Currently MS virtually owns the Desktop in the corporate World and we are stuck with all the shortcomings of a system that was originally built for ease of use at the expense of security.

Even 2003 which was supposedly rewritten from the ground up seems to have its first consideration on ease of use and security a secondary issue as they included IE6 in the offering with already known massive leaks built into that part of the OS so their claim of being a complete rewrite sought of fell a bit flat with me when I heard it. If it truly was a complete rewrite we would have had IE7 made available with 2003 along with a multitude of other little nice and totally unnecessary things that come included in the package.

With the Market Dominance of MS I personally think we have seen a reduction in the really advanced items being integrated into the new versions of the software. Like why would you find it necessary to move from Office XP to Office 2003? There are very few improvements in the individual programs and the addition of One Note hardly makes it a worthwhile upgrade.

Word Perfect has had a tool since version 8 called "Make it Fit" where you can enlarge or reduce an entire publication down to a certain size it was originally intended for those letters that ran a few lines over a page so you could reduce the letter down to full pages and not waste paper for only a few lines of text on the last page. This is yet to be included on the Word Offering offered by MS. Along with the fact that you now have to download plug ins to read some of the older items that have been produced in what is effectively the same program instead of having this option on the install CD to load as required to me seems a backward step. With the almost universal use of MS Office in the latest forms in most of the business around the western world at least I find it had to reconcile the lack of backward compatibility built into the newer programs or even if it is hard which I know it is why not include the plug ins with the install ion CD? Could it be MS attempt to dispose of any of the documents produced on previous versions of one of their or their oppositions products?

Now I think that MS should be held responsible for their OS's and any Service Packs that break things the same applies to patches but this has improved markedly lately and we don't offed see patches recalled because they break more things than they are supposed to fix. But SP2 for XP was a good example of something that did cause problems to quite a lot of people and in all honesty it was more like a rewrite of XP rather than just a security update now there appears to be no visible difference between the Home and Pro versions of XP to the untrained they both look the same on boot up with exactly the same messages being shown on the XP Splash screen.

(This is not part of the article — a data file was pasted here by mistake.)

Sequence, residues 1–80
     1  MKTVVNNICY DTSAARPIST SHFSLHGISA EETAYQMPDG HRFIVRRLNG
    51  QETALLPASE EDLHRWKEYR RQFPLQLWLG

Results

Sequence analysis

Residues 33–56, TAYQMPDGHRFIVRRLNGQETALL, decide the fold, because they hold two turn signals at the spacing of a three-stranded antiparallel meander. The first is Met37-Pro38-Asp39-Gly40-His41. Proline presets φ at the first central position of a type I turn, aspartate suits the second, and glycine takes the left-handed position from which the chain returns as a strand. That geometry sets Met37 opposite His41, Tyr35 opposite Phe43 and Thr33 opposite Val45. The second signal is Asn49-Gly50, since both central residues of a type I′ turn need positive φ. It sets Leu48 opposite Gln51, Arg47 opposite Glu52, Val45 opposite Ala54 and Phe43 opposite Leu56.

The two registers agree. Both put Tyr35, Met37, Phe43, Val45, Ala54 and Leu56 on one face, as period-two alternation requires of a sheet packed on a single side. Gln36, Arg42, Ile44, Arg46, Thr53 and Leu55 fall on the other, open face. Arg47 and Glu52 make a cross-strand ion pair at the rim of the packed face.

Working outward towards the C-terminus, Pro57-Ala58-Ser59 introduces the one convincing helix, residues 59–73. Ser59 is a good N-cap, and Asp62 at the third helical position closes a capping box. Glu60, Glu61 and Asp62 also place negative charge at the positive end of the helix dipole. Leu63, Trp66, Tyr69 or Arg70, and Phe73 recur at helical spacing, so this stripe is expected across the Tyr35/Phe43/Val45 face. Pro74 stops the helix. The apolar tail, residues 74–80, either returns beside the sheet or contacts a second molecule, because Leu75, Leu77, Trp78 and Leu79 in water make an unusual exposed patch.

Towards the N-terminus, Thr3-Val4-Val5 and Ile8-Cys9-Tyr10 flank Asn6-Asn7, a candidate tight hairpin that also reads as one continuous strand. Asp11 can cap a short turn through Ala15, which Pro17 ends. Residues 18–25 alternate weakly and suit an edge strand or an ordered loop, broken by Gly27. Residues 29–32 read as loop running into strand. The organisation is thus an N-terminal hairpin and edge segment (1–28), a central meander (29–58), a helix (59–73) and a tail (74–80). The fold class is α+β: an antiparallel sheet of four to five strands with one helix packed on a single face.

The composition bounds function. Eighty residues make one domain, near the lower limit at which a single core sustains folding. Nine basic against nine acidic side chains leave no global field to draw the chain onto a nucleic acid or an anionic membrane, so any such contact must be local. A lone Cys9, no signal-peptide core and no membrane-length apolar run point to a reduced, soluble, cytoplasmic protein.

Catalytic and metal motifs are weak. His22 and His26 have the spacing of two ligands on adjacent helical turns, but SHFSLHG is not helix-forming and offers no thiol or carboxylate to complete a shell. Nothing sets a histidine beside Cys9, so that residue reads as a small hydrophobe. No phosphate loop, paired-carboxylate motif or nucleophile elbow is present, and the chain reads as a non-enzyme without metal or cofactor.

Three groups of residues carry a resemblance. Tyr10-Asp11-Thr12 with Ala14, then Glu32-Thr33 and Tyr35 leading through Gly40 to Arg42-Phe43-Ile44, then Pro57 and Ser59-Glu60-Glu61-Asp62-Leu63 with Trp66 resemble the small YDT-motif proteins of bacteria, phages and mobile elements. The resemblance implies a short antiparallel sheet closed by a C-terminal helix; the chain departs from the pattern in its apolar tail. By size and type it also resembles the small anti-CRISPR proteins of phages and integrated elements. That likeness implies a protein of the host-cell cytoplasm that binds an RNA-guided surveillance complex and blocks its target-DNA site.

Col ]:)

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The fine print

by tagmarkman In reply to It's all in the fine prin ...

"Which basically says use this at your own risk."
Of course... and that bothers me.

Commercial products need to stand behind their product and communities should stand behind open-source products. This is where closed souce and profit software should make their stand, "use this product as our risk." It would certainly buy my support.

As far as feature drop and such, this is not limited to Microsoft nor do I think that it's a bad thing. Word Perfect has dropped features with new versions as well. Also, attempting to support older formats can be counter productive... as some point support has to be dropped which in itself is a huge problem "Dark Ages II". A lot of good features are dropped because they were causing problems or were difficult to maintain compared to the number of poeple that were actually using it.